DevOps poster child Netflix made a considerable move in December 2018 by adopting Pivotal’s Spring Boot. Being the most successful project with 3.4k stars on GitHub, this has raised a million questions. What is the Spring Boot? Why did Netflix invest in internal production to this extent if it had to make this move? What’s in store for the future? Doesn’t Apache Camel also fit the scene?
Then why is Pivotal better than Apache? Alternatively, is it? The list of questions is never-ending. However, we would try and answer a few of them in this article.
What is the Spring Boot?
Before we dive deeper into the article, you must understand what Spring Boot is. Spring boot helps create standalone applications that are production-ready. The whole purpose of their existence is to cut the fuss out, configure Spring libraries, and work on a no-code generation policy. To put it more formally, Spring Boot is an open-source Java framework that creates microservices.
The brainchild of the Pivotal team, Spring Boot, is a great way to ensure increased productivity, reduced development time, and ease of developing Spring applications. The main goals of Spring Boot, according to Pivotal, is to chuck out complex XML configuration, develop production-ready apps, reduce development time, run processes independently and offer more accessible ways of getting started.
Netflix before Spring Boot
In the year 2007, Netflix decided to go full cloud model. It started building its backend using Java. Here are the essential libraries and systems that came out of it:
Ribbon: It is a client inter process communication library which was essentially developed for load balancing. This library also facilitates fault tolerance, multiple protocol support (in an asynchronous model), caching, and batching. Ribbon modules include ribbon-eureka, ribbon-load balancer, ribbon-transport, ribbon-httpclient, ribbon-example, and ribbon-core. Netflix built this for load balancing, but the world used it for numerous other purposes.
Eureka: It is a REST-based service used in the AWS cloud to locate services, and that is exactly why Netflix built it. Apart from service location, it does several other crucial tasks, including Netflix Asgard (open-source service that makes cloud deployment a piece of cake), Cassandra deployment, Memcached caching services, and metadata related services. The build requires Java8.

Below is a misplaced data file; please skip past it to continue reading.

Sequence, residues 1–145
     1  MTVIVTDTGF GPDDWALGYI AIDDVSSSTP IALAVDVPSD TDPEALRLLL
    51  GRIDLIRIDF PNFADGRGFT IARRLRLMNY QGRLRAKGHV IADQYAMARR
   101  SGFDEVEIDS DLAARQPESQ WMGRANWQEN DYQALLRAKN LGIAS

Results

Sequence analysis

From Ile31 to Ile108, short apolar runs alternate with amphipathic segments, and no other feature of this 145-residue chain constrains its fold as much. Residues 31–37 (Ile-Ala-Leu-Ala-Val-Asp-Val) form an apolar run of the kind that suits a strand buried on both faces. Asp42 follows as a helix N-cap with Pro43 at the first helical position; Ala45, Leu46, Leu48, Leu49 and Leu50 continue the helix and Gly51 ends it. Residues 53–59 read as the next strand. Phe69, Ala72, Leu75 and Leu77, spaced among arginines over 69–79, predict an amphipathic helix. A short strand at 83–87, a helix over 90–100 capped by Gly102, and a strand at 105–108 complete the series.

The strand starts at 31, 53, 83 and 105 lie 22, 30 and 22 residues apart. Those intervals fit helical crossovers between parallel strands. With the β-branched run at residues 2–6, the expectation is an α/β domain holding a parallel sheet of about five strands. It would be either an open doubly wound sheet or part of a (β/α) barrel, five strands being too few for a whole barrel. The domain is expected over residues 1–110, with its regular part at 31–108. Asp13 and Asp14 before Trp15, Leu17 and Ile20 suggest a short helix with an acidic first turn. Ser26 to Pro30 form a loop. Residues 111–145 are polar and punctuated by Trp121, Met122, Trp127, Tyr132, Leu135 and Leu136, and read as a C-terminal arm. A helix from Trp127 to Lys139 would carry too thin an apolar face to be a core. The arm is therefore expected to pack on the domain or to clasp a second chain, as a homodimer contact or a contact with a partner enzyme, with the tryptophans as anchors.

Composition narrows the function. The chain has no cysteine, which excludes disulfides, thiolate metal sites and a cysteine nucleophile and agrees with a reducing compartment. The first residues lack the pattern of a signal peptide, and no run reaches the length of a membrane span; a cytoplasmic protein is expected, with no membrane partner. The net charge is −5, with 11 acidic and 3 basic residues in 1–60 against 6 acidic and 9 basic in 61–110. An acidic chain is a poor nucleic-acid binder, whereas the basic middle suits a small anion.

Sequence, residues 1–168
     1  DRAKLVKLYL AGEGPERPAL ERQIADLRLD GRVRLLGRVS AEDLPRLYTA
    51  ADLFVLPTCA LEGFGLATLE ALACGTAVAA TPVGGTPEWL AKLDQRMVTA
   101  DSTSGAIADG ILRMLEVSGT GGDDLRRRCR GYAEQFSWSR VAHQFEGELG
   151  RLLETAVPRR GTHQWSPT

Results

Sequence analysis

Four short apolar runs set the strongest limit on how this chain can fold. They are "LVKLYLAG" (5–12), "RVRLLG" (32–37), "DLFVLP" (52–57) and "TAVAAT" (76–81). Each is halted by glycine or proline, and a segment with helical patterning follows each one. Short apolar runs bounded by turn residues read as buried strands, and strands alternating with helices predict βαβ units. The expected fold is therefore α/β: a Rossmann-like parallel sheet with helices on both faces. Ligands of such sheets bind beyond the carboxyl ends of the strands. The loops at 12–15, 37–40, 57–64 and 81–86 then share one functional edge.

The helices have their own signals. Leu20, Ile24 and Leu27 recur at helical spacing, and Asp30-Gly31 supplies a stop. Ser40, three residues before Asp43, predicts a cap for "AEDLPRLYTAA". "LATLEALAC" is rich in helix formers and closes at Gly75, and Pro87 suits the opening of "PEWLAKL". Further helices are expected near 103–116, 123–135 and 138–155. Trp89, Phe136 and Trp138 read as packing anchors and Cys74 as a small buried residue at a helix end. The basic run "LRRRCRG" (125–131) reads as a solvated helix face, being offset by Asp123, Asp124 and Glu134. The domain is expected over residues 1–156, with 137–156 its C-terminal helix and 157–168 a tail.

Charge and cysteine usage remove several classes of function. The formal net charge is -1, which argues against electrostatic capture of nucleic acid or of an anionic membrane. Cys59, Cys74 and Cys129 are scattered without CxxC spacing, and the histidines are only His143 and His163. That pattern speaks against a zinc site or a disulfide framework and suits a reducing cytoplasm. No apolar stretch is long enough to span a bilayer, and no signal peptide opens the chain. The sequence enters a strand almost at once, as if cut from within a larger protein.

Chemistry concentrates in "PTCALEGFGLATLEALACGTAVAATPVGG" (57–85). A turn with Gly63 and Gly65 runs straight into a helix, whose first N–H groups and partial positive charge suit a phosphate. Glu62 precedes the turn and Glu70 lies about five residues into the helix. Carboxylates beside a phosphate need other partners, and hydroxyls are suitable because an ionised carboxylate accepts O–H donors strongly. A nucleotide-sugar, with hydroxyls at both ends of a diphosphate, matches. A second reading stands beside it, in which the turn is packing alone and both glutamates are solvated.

Hystrix: Hystrix is latency and fault tolerance for distributed systems. While Ribbon provides fault tolerance, Hystrix was developed specifically for this person – and it isn’t us saying this but Taylor Wicksell, the Netflix tech guy.
Gubernator: Contrary to how it sounds like one of evil Dr. Doofenshmirtz evil – inators, it is a library that pulls everything together – Ribbon, Eureka, Hystrix and more. It basically enhances Google Guice’s performance. Built via Gradle, it was engineered for dependency injection throughout with lifetime management.
Archaius: That’s the configuration management API of Netflix. It provides dynamic properties, high throughput (i.e.more number of tasks per clock cycle) and thread-safe configuration, callback mechanism for when needed, JMX Mbean, composite configurations, Scala dynamic property wrappers and so much more! It works just like the endangered Archaius chameleons, changing configurations whenever things get unsafe.
Transitioning to Spring Boot
In 2015, it was pretty much the norm to use the Netflix developed libraries and stitch them up using Spring Boot. In fact, everyone except Netflix did this. In 2018, Netflix finally moved on and adopted the framework themselves. However, the question remains – why did they do this even after investing so much on the aforementioned tech stack?
According to Tom Cellucci, Senior Software Engineer at Netflix, “In the early 2010s, key requirements for Netflix cloud infrastructure were reliability, scalability, efficiency, and security. Lacking suitable alternatives, we created solutions in-house. Fast forward to 2018; the Spring product has evolved and expanded to meet all of these requirements, some through the usage and adaptation of Netflix’s very own software!” It means they are still using the high tech stack but are running it all on Spring Boot rather than in-house engineered frameworks. Spring Data, Spring Security, and Spring cloud AWS is what led Netflix to seal the deal.
Also, this is an official transition, which means even though Spring Boot is open source, Netflix collaborated with Pivotal to undertake this pivot. Howard Yuan and the team applauded Pivotal on its excellent response and support over GitHub, Gitter, and Slack, mentioning their will to continue the collaboration for a long time.
Netflix’s team of engineers has shown the utmost maturity in this transition, promising to contribute with great new technologies like the Netflix Adaptive Concurrency Limiters while getting rid of age-old Netflix tech and adapting popular community ones like the Spring cloud load balancer.
The effects of the transition
However, a major setback (although, is it really a setback?) to this transition was that Netflix put all of the above libraries ‘on maintenance.’ It means they would no longer release updates, fix issues actively, or collaborate to make these better. Barring these disappointing changes, the collaboration has been phenomenal, making Java exciting still.
This link started years ago outside Netflix and led to Netflix accepting it today. Before Spring Boot, Netflix was cold and trying to work hard on making this work as they do. Thankfully this Boot was the right size, and Netflix can now ease out and enjoy hot chocolate by the fireplace while developers have the time of their lives.
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